Own Your Time- Don't Manage It: 5 Tips on Shifting Your Mindset and Living Happily Ever After with Time Freedom

Own Your Time- Don't Manage It: 5 Tips on Shifting Your Mindset and Living Happily Ever After with Time Freedom

Oct 02, 2020

Time freedom means the ability to own your time.

Whether it is about going on a weekend hike on a trail without cell service, taking half a day to shop and prepare a new recipe with your significant other, or binging Netflix with the family, there should be no guilt and complete, focused happiness. For me, owning your time and having time freedom is the ultimate in professional freedom. But it takes a mindset shift away from the limiting beliefs of 9-5 life and the importance place on time management.

This page is a #NoGuiltZone – we all deserve to enjoy every moment, or realistically, as many as we can. It's why my layoff was a blessing.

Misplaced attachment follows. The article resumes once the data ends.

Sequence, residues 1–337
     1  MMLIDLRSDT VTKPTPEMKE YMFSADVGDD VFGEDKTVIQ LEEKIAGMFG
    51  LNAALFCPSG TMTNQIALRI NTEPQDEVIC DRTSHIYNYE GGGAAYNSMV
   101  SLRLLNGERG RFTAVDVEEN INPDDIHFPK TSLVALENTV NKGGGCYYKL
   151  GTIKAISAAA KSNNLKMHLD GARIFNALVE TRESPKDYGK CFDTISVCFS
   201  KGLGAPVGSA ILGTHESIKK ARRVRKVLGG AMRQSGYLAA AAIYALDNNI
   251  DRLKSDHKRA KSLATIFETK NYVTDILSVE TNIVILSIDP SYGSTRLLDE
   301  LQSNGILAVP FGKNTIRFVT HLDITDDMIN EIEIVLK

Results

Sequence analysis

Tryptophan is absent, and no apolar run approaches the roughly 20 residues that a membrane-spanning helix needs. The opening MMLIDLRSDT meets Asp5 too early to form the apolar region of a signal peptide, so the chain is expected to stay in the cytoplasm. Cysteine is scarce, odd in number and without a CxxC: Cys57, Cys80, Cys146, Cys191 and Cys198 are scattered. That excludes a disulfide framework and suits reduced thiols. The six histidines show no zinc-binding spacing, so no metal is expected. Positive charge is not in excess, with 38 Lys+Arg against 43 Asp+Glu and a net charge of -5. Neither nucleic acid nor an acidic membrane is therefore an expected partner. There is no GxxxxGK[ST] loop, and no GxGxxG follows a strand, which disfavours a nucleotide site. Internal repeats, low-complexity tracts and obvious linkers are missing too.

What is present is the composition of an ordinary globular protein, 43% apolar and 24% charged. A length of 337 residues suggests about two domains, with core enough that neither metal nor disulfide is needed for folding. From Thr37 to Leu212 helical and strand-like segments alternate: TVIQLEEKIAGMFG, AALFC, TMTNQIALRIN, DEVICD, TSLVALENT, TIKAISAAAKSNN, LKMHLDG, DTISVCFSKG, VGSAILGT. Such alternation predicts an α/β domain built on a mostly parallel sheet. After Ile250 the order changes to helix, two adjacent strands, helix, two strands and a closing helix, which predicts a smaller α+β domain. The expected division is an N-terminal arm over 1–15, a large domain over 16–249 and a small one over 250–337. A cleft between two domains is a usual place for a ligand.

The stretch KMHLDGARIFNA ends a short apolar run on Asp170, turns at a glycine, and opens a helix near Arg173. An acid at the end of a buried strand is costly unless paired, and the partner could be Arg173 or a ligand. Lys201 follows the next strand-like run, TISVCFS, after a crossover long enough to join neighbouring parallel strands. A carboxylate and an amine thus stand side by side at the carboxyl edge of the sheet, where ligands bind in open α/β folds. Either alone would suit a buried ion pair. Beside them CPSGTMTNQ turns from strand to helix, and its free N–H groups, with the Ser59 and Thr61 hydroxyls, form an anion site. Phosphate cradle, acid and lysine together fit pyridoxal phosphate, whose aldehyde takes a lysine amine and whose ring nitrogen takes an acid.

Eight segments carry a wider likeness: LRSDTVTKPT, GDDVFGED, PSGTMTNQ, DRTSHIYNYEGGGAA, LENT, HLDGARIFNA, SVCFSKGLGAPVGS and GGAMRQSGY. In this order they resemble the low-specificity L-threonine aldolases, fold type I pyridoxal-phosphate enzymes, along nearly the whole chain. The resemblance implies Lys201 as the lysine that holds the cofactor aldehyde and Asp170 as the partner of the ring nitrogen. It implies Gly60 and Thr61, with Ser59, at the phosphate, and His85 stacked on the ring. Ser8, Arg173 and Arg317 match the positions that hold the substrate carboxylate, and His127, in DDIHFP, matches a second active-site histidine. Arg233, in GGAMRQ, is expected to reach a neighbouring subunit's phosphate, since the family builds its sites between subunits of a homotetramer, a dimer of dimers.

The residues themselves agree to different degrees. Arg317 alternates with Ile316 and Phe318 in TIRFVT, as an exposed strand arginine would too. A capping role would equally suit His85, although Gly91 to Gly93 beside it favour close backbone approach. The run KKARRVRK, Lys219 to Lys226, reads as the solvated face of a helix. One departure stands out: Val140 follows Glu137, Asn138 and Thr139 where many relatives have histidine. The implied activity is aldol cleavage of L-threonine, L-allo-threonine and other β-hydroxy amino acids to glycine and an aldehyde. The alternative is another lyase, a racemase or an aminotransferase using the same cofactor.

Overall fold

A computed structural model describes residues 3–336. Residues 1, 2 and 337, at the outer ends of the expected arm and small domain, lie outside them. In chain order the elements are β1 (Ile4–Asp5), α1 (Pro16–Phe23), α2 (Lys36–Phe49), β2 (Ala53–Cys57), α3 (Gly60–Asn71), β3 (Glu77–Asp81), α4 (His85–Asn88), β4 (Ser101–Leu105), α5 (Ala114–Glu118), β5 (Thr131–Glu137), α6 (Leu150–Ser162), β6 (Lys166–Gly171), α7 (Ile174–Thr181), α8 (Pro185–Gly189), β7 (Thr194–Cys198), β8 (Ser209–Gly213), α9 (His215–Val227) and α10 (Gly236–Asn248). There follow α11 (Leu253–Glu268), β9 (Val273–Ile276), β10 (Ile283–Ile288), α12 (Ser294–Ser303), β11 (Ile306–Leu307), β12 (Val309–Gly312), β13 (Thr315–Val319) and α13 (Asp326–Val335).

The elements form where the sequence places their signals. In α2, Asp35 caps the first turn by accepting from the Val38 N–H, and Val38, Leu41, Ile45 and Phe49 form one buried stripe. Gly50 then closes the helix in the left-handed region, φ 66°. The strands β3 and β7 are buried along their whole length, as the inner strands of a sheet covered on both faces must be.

Disclosure: As a blogger, I use affiliate links sometimes! I may receive commission from purchases I share, but it does not change your price.

grateful thankful and blessed with my Covid layoff so I can own my time outside the 9-5

Photo by Ann on Unsplash

And: it is what the Free At 50 blog and my journey into professional freedom is all about. I hear what you're thinking: this requires most of us to really shift our mindset.

I know this is hard to do with a traditional working-for-others “job.” Blessedly I am (and hope to stay) away from that situation. Timothy Ferriss has suggestions for those of you out there in a “job”- and I personally know at least one person actively pursuing Ferriss’ 4-Hour Workweek suggestions to own his time without leaving corporate life. #Bravo.


Either way, self-employed or not, there are ways to be sure your time is yours to define. Ultimately, if you (or me) are pursuing income, that means time needs to be dedicated to that pursuit.

The idea is to gain the freedom of how much and when. This my friends is professional freedom.